Described herein is an example of a network initiated revalidation. Network initiated revalidation may occur on a periodic basis as in the device initiated case, but it also may happen at any time the network deems it necessary for security reasons. Revalidation may also be setup by the operator as part of the policy so that a module in the device is programmed by the operator to carry out revalidation at the programmed intervals. The revalidation may be triggered by sending an IKEv2 message to the device indicating a request for revalidation. The Notify payload may be used to carry a newly defined revalidation trigger code for the device.

The PVE may periodically send a revalidation indicator to the SeGW. To keep track of all sent revalidation requests, the PVE stores them with DEV_ID and a timestamp. The PVE then periodically checks if any devices ignored the revalidation request. The SeGW may forward that request to the device via the IKEv2 protocol. The revalidation message may be setup based on the hosting parties request at the time of installation so as to reduce the risk of service interruption.

The device receives an IKE message with the Notify payload indicating a request for revalidation. The device then initiates a reboot sequence where validation and authentication to the network are re-established. If the device is compromised such that the device ignores the revalidation request, the PVE may detect this during the monitoring of all active revalidation requests. The PVE may signal the failed revalidation to the SeGW which may act properly, for example by putting the device in a quarantine network.

Another method for network initiated revalidation involves sending a reboot signal to the device, triggering a reboot and thus a revalidation during the secure start-up.

In another method, the revalidation of a device may also occur by request from other network entities. If a device manufacturer suspects their device has been widely compromised, the manufacturer may contact the MNO and request a revalidation. This may be done as a back office process with the MNO deciding if revalidation may occur or not. The PVE or HMS may initiate the revalidation and re-authentication.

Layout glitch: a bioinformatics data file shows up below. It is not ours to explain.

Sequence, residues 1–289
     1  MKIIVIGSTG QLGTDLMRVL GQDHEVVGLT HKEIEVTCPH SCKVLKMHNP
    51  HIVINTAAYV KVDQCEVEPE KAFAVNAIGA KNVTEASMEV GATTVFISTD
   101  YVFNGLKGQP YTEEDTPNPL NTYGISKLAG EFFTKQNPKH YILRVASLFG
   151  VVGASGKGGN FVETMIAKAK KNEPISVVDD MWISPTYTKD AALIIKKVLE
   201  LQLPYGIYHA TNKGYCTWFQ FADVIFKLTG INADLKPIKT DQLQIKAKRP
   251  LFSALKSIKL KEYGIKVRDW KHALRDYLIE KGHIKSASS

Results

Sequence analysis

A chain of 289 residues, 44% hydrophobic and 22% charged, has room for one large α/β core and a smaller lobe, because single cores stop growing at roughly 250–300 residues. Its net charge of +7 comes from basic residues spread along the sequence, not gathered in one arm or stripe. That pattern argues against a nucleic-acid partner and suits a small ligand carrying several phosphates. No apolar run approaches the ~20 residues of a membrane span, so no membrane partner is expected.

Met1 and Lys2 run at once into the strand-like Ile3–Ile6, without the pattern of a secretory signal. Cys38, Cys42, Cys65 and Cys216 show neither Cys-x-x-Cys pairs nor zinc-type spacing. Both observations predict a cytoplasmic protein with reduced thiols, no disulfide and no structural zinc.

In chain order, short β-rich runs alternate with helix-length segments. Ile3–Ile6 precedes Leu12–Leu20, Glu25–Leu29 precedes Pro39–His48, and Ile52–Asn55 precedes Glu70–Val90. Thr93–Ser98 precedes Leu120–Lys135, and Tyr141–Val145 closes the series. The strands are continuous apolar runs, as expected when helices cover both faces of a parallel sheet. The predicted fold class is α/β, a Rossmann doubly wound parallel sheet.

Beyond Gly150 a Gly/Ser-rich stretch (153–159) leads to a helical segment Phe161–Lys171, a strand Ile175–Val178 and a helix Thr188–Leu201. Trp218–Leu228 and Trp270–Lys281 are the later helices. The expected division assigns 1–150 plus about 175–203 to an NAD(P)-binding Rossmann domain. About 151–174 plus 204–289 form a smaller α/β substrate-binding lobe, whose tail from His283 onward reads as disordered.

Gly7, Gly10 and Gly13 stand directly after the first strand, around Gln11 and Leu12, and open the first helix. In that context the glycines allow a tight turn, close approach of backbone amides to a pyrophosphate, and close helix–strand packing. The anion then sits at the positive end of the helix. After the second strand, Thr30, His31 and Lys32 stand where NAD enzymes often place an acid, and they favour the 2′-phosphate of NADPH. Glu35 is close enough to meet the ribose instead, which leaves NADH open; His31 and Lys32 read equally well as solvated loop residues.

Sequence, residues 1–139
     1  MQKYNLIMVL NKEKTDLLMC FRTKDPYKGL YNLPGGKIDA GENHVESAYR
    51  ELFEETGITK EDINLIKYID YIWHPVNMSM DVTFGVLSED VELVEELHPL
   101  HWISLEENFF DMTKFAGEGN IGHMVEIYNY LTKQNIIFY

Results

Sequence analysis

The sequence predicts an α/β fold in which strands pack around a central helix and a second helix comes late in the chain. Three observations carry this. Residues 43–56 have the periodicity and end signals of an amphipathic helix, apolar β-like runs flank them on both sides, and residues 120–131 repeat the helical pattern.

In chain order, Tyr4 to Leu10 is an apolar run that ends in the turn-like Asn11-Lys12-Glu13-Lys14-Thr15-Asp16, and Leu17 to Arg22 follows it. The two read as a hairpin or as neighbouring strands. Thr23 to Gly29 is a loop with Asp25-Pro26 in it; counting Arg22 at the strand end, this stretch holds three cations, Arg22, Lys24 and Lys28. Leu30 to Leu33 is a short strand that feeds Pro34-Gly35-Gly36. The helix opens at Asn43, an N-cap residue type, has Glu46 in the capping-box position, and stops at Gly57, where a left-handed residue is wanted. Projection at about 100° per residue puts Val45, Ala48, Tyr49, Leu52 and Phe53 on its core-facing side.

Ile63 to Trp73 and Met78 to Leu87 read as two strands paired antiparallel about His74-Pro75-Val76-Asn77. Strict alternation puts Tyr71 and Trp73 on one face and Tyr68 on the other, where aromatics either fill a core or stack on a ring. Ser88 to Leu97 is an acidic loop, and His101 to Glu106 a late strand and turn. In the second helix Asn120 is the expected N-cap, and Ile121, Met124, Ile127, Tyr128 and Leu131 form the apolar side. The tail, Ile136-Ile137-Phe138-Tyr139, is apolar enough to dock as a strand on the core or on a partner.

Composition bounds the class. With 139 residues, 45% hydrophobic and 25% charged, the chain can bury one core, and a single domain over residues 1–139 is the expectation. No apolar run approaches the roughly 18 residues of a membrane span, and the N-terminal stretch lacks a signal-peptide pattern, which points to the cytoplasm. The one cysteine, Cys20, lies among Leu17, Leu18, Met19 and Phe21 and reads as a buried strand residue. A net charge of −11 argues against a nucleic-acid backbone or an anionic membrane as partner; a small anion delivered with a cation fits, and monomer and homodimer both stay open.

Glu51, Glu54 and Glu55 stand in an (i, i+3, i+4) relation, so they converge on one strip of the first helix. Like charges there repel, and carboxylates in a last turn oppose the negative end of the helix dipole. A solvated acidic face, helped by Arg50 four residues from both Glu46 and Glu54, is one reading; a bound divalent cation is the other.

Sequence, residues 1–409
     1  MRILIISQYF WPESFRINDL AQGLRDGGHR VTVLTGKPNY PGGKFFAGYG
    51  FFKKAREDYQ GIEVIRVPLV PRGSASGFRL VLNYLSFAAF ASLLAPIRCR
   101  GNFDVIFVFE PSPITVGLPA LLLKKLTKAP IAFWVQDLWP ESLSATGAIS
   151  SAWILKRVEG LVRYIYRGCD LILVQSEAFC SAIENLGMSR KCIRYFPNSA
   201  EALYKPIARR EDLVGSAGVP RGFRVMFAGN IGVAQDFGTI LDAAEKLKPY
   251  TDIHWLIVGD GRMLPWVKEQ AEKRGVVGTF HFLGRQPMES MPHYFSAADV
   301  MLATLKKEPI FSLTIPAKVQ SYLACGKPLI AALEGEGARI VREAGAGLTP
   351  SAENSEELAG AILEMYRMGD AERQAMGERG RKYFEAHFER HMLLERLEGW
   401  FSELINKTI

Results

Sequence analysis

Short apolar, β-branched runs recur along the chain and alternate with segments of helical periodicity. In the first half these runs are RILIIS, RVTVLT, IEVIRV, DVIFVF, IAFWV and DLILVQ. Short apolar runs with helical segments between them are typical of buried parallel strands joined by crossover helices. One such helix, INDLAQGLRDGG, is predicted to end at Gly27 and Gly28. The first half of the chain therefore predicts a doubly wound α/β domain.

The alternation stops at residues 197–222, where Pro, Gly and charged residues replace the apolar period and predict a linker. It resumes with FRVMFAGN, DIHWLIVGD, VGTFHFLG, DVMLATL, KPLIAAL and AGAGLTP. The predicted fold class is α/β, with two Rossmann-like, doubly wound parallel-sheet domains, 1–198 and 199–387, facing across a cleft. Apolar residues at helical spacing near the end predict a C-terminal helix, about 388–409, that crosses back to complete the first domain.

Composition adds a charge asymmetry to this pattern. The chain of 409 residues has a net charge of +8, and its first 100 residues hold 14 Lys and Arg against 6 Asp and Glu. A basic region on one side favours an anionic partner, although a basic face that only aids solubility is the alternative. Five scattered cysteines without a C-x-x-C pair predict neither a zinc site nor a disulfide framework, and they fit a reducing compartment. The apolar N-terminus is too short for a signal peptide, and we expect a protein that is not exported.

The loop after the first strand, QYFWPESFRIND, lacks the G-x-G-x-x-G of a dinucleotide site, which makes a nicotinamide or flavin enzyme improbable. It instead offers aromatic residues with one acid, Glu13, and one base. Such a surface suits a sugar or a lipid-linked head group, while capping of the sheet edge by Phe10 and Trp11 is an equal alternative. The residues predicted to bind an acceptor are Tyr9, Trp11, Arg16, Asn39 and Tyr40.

Described herein is an example of platform management. The DMS is the main entity responsible for device management. Based on received and stored device information, such as, vendor, hardware/software configurations, TrE capabilities, and the like, the DMS is able to initiate software updates, configuration changes and OTA device management procedures. The management actions are generally determined by the transmitted validation data, validation results from the PVE, and policies in C_DB, such as, desired target configurations.

The DMS may establish a secure tunnel with the device's TrE. The DMS may use the T_PVM token to retrieve the Dev_ID, the latest reported validation data and the Clist for the device. Using the Dev_ID, the DMS queries the SeGW to establish a secure tunnel to the device's TrE by sending the T_PVM with an indicator to set the device's status from ‘active’ to ‘management’. Thus, the SeGW keeps this token, may not provide backhaul connectivity, for example via quarantine, and waits for the DMS to confirm end of management activity.

Depending on the management action by the DMS, the device may revalidate, for example, by a reboot after a software update. Revalidation may then take place, wherein the PVM system state is maintained by using the T_PVM from the previous validation, and may not generate a new one. In this case, the DMS sends an updated T_PVM token to the SeGW, with the device status indicator changed from ‘management’ to ‘revalidate’. The SeGW keeps a list of devices awaiting revalidation, where it looks up devices when they request network access. The SeGW may then wait for the device to revalidate for a certain period of time. The outcome of the revalidation is then signaled back to the DMS to confirm successful completion of the management process.